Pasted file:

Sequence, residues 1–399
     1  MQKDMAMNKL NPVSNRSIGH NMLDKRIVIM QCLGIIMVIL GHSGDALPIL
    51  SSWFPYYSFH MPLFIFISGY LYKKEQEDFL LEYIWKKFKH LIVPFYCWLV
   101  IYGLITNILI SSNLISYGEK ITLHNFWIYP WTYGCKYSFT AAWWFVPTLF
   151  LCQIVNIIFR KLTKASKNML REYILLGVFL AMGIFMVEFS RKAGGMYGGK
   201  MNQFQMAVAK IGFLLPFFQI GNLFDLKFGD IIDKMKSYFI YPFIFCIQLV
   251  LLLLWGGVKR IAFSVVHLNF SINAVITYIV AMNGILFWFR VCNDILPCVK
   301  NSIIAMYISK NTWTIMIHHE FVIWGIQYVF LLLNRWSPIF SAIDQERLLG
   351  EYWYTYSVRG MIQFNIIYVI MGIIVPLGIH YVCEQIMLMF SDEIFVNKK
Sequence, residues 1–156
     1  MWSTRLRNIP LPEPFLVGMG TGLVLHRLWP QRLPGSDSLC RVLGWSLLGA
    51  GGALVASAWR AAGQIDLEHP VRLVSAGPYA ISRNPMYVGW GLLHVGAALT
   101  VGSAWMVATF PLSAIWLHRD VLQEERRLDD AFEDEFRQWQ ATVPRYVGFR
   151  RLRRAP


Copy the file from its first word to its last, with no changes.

Sequence, residues 1–399
     1  MQKDMAMNKL NPVSNRSIGH NMLDKRIVIM QCLGIIMVIL GHSGDALPIL
    51  SSWFPYYSFH MPLFIFISGY LYKKEQEDFL LEYIWKKFKH LIVPFYCWLV
   101  IYGLITNILI SSNLISYGEK ITLHNFWIYP WTYGCKYSFT AAWWFVPTLF
   151  LCQIVNIIFR KLTKASKNML REYILLGVFL AMGIFMVEFS RKAGGMYGGK
   201  MNQFQMAVAK IGFLLPFFQI GNLFDLKFGD IIDKMKSYFI YPFIFCIQLV
   251  LLLLWGGVKR IAFSVVHLNF SINAVITYIV AMNGILFWFR VCNDILPCVK
   301  NSIIAMYISK NTWTIMIHHE FVIWGIQYVF LLLNRWSPIF SAIDQERLLG
   351  EYWYTYSVRG MIQFNIIYVI MGIIVPLGIH YVCEQIMLMF SDEIFVNKK
Sequence, residues 1–156
     1  MWSTRLRNIP LPEPFLVGMG TGLVLHRLWP QRLPGSDSLC RVLGWSLLGA
    51  GGALVASAWR AAGQIDLEHP VRLVSAGPYA ISRNPMYVGW GLLHVGAALT
   101  VGSAWMVATF PLSAIWLHRD VLQEERRLDD AFEDEFRQWQ ATVPRYVGFR
   151  RLRRAP